Del Mar voters elect Parks, Druker and Haviland to council


Voters re-elected Mayor Sherryl Parks, but ousted Councilman Al Corti from the Del Mar City Council, according to unofficial results released by the San Diego County Registrar of Voters.

As of 10 a.m. on Nov. 9, there were approximately 620,000 mail and provisional ballots still to be counted throughout the county, but with all six Del Mar precincts counted, former Mayor Dave Druker led the race with 21.95 percent of the vote, followed by newcomer Ellie Haviland with 19.43 percent and incumbent Parks with 19.22 percent.

Challengers T. Pat Stubbs and Jim Benedict followed with 15.39 percent and 13.30 percent of the vote, respectively. Incumbent Corti received 10.70 percent of the vote.

There were three open seats on the council, with Councilman Don Moiser deciding not to run for re-election. Parks and Corti, who were both elected to the council in 2012, were seeking second terms.

“If the trend continues as it is, it’s pretty clear that the three of us will be seated at the Council Chambers,” said Parks, who has lived in Del Mar for more than 40 years.

“The ‘Old Guard’ or the community that has shaped Del Mar for 30 years was actually given a plebiscite to continue,” she said. “We’re on the right track.”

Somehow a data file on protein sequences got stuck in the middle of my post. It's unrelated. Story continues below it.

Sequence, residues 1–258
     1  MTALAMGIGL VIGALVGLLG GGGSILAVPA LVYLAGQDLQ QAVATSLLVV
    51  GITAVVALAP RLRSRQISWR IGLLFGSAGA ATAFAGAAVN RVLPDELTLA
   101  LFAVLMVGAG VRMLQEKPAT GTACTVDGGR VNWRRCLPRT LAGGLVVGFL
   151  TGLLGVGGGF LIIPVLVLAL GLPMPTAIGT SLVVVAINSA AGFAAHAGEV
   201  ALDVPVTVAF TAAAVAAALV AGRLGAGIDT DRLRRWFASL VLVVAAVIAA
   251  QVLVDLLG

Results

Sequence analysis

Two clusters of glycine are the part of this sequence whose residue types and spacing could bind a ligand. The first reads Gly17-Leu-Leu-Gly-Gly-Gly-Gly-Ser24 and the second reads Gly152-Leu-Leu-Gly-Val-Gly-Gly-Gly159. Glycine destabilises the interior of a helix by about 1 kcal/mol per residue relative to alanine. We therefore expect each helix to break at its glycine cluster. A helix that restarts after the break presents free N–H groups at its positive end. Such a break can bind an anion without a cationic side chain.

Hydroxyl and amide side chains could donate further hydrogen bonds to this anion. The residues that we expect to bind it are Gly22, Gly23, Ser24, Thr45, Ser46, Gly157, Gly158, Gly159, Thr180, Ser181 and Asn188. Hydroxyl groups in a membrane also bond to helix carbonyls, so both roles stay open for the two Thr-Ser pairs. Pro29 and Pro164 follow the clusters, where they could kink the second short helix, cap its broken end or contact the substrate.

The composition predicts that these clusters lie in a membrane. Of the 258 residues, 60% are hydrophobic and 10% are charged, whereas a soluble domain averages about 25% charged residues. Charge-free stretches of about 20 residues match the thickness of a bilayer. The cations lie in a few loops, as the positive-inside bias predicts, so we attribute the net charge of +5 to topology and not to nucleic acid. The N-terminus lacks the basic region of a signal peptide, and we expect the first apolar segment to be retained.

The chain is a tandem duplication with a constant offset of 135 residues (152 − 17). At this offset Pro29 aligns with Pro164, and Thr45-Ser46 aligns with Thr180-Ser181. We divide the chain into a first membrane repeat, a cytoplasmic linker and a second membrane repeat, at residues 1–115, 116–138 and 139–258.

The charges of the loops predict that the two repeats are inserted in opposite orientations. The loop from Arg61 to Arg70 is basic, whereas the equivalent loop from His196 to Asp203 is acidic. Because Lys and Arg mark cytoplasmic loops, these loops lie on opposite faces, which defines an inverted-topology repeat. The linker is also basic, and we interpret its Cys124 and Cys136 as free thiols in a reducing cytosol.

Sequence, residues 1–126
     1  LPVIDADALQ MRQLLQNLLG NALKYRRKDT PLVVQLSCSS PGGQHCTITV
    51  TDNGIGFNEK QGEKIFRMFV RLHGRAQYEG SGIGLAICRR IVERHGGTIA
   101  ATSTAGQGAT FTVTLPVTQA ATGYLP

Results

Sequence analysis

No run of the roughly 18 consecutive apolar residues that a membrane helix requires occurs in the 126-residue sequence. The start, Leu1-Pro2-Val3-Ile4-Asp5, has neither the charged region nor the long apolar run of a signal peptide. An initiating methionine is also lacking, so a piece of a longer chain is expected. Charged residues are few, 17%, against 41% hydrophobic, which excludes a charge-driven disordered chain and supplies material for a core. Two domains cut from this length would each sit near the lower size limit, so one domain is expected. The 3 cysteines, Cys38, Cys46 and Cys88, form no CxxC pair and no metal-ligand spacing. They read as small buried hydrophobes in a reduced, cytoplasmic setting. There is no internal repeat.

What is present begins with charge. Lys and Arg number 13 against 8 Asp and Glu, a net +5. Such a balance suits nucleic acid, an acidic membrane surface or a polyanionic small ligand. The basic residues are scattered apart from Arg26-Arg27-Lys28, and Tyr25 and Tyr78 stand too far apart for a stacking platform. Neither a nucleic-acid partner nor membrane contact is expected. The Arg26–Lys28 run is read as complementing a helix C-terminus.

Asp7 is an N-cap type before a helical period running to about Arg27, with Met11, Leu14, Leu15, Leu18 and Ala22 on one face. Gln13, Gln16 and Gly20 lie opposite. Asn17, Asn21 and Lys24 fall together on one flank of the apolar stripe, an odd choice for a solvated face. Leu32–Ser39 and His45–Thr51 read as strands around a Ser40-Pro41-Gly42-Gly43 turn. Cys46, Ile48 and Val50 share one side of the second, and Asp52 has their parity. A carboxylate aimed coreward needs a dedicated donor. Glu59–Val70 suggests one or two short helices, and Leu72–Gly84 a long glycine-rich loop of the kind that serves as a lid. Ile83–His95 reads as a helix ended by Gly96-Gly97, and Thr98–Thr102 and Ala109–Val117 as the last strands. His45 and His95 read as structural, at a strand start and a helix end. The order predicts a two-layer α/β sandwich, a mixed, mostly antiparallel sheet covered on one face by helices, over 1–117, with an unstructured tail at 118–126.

Druker, who has lived in Del Mar since 1986, served on the council, including three terms as mayor, from 1996 to 2008. He currently serves as executive vice president of DataSkill, a local technology company.

“I feel very honored that Del Mar has again given me the privilege of serving them,” Druker said. “I feel very honored that Del Mar voters understood the importance of keeping Del Mar, Del Mar.”

Haviland worked as an executive in the health care industry for 17 years. She currently serves on the city’s Planning Commission.

“I am really happy and I am honored to have won,” said Haviland, who first moved to Del Mar about 30 years ago when she studied at UC San Diego. She moved back 18 years ago.

“I have a lot of respect for my fellow council members and newly elected ones,” she said. “I think we’ve got a nice diversity of ideas and views, and I think it will make a really healthy, productive council. I think we’re going to be a good team for Del Mar.”